A New York Times/Siena College poll conducted after the presidential debate but before the assassination attempt found Casey leading McCormick 50% to 42% among likely voters while Biden and Trump were locked in a close race.

Casey raised $8 million in the second quarter, entering July with $8.4 million on hand.

McCormick raised $6.7 million, which included $2.1 million in personal loans, ending June with $8 million.

But he has plenty more of his own money to spend, as well as a supportive super PAC, and the Senate Leadership Fund recently announced a $24 million investment in the state beginning in September ‚?? a sign that Republicans see this as a winnable contest.

8.

Wisconsin Sen.

Tammy Baldwin Evelyn Hockstein/Reuters Sen.

Tammy Baldwin is another Democrat in a so-called blue wall state trying to defy whatever happens to the top of the ticket.

Biden barely won the Badger State in 2020 after Trump had carried it by a similarly narrow margin four years earlier.

Despite those thin margins, Democrats are heartened that Baldwin, a two-term senator with a known statewide brand, will likely be up against Republican Eric Hovde, the favorite in the August primary.

Hovde has made a string of controversial comments that have provided fodder for Democrats as they rush to define him.

Baldwin‚??s campaign has run ads with people responding to a remark he made during a 2012 Senate run that those who are overweight need to pay more for health care and to a more recent comment that most nursing home patients aren‚??t in a condition to vote.

Hovde, the CEO of Sunwest Bank who bought a house in Laguna Beach, California, after losing the 2012 Senate primary, has responded to Democratic attacks about his out-of-state ties with an ad that showcases where he grew up and went to school in Wisconsin.

Hovde is trying to tie Baldwin to Biden, including in a new spot that says ‚??voters deserve answers‚?Ě from the senator about whether she still believes he can still be president.

(Asked about that by Berita69, Baldwin said Friday that she was hearing ‚??legitimate and serious concerns‚?Ě about the president from her constituents and relaying them to the White House and the Biden campaign.) She has also been on the air touting her work to cap insulin prices and crack down on fentanyl.

Pointing to Hovde‚??s early spending, Daines, the NRSC chairman, said at an RNC event this week that the Wisconsin Republican has closed the gap with his Democratic opponent more than any other GOP challenger.

That‚??s where self-funding comes into play.

Hovde‚??s second-quarter haul was just slightly less than Baldwin‚??s ‚?? $7.3 million to $7.5 million ‚?? but his total included a $5 million loan.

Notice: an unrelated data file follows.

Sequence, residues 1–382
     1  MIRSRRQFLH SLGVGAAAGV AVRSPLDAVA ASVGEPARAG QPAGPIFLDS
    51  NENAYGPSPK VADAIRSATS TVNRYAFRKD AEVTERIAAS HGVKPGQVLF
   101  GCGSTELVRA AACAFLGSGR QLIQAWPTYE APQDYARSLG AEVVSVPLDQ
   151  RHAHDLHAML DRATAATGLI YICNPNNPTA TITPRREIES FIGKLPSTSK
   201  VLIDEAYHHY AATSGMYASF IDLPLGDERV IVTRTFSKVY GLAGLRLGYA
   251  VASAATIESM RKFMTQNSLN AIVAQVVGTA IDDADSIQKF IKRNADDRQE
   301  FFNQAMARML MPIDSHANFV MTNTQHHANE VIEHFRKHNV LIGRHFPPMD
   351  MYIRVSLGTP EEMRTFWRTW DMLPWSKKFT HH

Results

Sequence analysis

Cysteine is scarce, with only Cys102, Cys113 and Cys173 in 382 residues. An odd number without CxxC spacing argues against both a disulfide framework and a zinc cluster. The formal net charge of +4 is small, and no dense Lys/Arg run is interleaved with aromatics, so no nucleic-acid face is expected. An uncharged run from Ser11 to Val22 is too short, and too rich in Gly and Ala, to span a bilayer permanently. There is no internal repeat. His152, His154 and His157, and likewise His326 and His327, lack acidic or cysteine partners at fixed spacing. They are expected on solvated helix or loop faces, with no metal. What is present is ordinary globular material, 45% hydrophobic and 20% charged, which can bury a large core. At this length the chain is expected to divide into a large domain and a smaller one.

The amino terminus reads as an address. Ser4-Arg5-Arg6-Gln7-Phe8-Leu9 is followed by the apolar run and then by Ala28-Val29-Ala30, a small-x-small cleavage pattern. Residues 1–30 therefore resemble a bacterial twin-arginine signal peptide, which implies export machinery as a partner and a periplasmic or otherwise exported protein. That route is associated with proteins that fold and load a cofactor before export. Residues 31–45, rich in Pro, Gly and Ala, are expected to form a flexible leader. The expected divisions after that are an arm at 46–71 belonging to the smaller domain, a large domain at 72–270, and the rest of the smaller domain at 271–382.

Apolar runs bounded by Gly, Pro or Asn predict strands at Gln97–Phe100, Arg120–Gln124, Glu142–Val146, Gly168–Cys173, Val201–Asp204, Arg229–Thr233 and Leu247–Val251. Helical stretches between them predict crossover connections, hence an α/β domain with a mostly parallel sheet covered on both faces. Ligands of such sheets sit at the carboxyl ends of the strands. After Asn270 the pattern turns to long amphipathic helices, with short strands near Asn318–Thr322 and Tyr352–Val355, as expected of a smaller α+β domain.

Baldwin ended June with $7.3 million in the bank, while Hovde had $5.4 million.

While Trump led Biden 43% to 38% among registered voters in the Times (UK)/SAY24/YouGov poll, Baldwin led Hovde 50% to 43%.

A Marquette Law School poll from mid-June showed the senator up 52% to 47% over Hovde among both registered and likely voters.

Notably, however, Hovde was still largely unknown ‚?? 44% of registered voters said they hadn‚??t heard enough about him to form an opinion, which means he likely has room to grow his support.

9.

Maryland Sen.

Ben Cardin Chip Somodevilla/Getty Images Angela Alsobrooks shook up the political world this spring when she defeated self-funding Rep.

David Trone for the Democratic nomination to succeed retiring Democrat Ben Cardin.

She‚??ll now face Republican former Gov.

Larry Hogan, who‚??s the only reason a seat in a state Biden carried by more than 30 points is even competitive.

While Alsobrooks, the executive of Prince George‚??s County, doesn‚??t bring the personal resources that Trone would have, she has proved to be a strong campaigner and has raised significant money.

She narrowly outraised Hogan in the second quarter, raking in $5.3 million to his $5.1 million, and ended up with more money in the bank.

Alsobrooks‚?? potential to become the first Black senator from Maryland and just the third Black woman elected to the Senate carries appeal for some voters ‚?? especially against a White Republican opponent whom Democrats are attacking on abortion.

Hogan has tried to distance himself from his party ‚?? ‚??In the Senate, Republicans can‚??t count on my vote,‚?Ě he says in one spot.

After winning his primary, he told The New York Times that he‚??d support federal legislation to codify Roe v.

Wade ‚?? which Alsobrooks immediately criticized, citing his previous veto of a state law to expand abortion access.

Hogan has also tried to disavow his June endorsement from Trump, saying he had ‚??no interest‚?Ě in it.

But Trump‚??s embrace of the former governor ‚?? who has said he isn‚??t backing the former president ‚?? may be a gift for Democrats trying to defend this seat.

10.

Texas Sen.

Ted Cruz Alex Wong/Getty Images Knocking off Sen.

Ted Cruz in Texas was already a tough proposition for Democrats, and Biden‚??s stumbles could make it even harder for them to put GOP-held seats in play this year.

That‚??s particularly acute in Texas, where Democrats have not won a statewide election since 1994.

Still, Texas Democrats have a strong recruit in Dallas-area Rep.

Colin Allred, who first came to the House by unseating a Republican congressman in 2018.

Allred‚??s campaign pulled in more than Cruz‚??s principal campaign account in the second quarter, although the senator still ended with more cash on hand.

Allred brought in $10.5 million, spent about as much and ended June with around the same amount in the bank.

Cruz raised $7.9 million and ended the period with $12.7 million banked.

Despite Texas voting reliably red, polling of the Senate race has shown a close contest ‚?? 47% of likely voters backed Cruz and 44% backed Allred in a recent University of Houston/YouGov poll.